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What: My Name Is Magic by Xan van Rooyen

Who: Tiny Ghost Press

When: September 27th 2022

How: A copy of this novel was provided by Tiny Ghost Press for review.

Taika Turunen has no magic.

Despite coming from a long line of powerful Finnish mages, and their name literally meaning magic, Taika can’t perform the simplest of spells.

Forced to attend Myrskyjärvi International School for the Magically Gifted on account of their mom being principal, Taika has a hard time fitting in. Sometimes, they wonder if not having magic has something to do with the fact they’re neither a girl nor a boy and if they’re fated to be Taika the Talentless forever.

Life goes from bad to worse when Taika sees a liekkiö and recognizes the spirit’s voice begging for help as that of their former BFF and major crush, Natalie Khumalo, whose recent absence from class hadn’t gone unnoticed. When more students go missing, Taika must take the lead in a race against time to save friends old and new before a powerful group of chaos mages can unleash the legendary Sampo, an artifact capable of either renewing the world’s waning magic or destroying everything Taika holds dear.

To rescue Natalie, Taika will have to journey to the liminal space between worlds where they’ll be forced to battle mythical monsters and their own flagging self-esteem. In doing so, Taika might just discover that magic—and love—comes in many different forms.

For fans of witchcraft and wizardry looking for a new, inclusive story, My Name Is Magic, is a story about finding strength from within and potential where you least expected it.

I was keen for My Name Is Magic as soon as Tiny Ghost Press announced it because lower YA with a queer protagonist set at a magical school? Sign me up! And I am so happy to say that it did not disappoint in the slightest.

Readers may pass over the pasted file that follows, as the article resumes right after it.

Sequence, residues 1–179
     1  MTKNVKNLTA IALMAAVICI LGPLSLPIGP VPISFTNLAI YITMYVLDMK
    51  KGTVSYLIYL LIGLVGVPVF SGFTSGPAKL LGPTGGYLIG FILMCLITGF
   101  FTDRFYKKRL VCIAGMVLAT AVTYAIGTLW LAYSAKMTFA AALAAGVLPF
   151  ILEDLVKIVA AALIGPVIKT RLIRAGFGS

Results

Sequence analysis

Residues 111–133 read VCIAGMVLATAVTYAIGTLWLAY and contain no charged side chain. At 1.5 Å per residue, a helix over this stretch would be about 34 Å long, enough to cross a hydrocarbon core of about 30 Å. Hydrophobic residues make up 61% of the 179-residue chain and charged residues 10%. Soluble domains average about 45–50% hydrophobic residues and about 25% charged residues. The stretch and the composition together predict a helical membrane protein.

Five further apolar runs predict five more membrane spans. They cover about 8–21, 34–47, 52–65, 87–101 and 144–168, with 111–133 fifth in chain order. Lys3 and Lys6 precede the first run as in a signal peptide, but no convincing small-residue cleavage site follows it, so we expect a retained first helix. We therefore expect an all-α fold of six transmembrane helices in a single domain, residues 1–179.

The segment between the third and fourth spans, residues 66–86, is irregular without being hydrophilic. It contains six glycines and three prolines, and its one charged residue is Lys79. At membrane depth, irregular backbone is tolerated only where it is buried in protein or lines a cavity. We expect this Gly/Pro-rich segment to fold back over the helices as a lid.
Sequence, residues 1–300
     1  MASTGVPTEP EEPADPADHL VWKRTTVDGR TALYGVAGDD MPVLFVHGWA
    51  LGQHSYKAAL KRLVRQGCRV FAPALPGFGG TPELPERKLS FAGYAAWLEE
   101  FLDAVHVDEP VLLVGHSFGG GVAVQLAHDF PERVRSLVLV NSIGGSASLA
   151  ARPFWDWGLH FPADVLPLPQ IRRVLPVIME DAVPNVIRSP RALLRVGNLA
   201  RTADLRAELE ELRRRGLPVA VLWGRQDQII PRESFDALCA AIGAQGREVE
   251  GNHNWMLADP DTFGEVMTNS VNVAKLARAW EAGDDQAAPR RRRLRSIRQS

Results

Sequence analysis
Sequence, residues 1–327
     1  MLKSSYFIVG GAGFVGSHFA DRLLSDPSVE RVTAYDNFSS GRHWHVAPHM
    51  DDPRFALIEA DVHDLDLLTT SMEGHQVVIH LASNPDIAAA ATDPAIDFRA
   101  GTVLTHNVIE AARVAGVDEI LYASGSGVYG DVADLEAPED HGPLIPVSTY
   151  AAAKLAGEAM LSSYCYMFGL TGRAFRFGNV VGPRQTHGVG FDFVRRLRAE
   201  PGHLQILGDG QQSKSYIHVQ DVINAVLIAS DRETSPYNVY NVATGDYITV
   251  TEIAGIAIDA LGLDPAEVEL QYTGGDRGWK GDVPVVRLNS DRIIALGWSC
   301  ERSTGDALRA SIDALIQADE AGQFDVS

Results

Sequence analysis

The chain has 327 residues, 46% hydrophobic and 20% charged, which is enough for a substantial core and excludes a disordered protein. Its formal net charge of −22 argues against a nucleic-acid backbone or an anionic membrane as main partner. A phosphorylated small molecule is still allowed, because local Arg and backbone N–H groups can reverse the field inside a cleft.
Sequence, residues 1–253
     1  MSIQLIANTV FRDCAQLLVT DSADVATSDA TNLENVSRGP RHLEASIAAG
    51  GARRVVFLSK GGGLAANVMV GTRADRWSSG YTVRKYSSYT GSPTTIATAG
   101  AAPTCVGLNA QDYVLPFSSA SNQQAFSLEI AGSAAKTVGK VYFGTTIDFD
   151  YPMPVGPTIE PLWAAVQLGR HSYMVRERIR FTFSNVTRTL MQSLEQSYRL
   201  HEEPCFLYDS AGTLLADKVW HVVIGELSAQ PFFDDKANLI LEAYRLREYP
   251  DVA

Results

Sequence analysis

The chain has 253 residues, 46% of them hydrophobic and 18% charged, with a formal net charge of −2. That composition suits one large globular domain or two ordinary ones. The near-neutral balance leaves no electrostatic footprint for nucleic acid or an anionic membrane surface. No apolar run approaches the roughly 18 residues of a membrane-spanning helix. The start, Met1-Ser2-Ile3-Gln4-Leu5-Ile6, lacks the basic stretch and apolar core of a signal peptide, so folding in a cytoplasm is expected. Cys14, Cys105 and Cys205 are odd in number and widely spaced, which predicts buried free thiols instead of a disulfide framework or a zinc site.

My Name Is Magic follows non-binary lesbian teen, Taika, who, despite having a name that means magic, does not have any of their own. This doesn’t make their school or home life easy because they feel like a failure, and other students are determined to make them feel that way as well. Taika’s internal monologue was painful to read at times because they are so harsh on themself, and because they don’t share these feelings, they don’t have anyone to tell them how special they are, magic or not. I was really glad when Taika realised their self-worth, it was a great moment in the book!

The plot of My Name Is Magic is about magical students going missing, and Taika is the first to realise what’s happening when their crush and ex best friend, Natalie, goes missing. While trying to figure out what’s happening, Taika meets Morgan, someone who instantly accepts them, and the two become fast friends. This friendship was one of my absolute favourite aspects of the book, and I’m so glad that Taika found another queer person at the school to befriend. Eventually, Taika’s bullies also turn over a new leaf but I found that a little hard to get on board with because they were so vile to Taika at the beginning of the novel. But this is an element that I personally don’t love in novels.

Another aspect of My Name Is Magic that I really loved was the unique setting, and the magic system! I’ve never read a book set in Finland before so it was really refreshing to read, and it sounds incredibly beautiful! The magic system and magical creatures were also really fresh and unique because they tied into the Finnish culture and setting as well.

I really hope that My Name Is Magic is the first in a series because I would love to learn more about everything that was introduced in this book!

© 2022, Chiara @ Books for a Delicate Eternity. All rights reserved.

trigger warning

bullying, misgendering, battle scenes, missing friends and family, animal death

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Posted on: September 28, 2022 • By: Chiara

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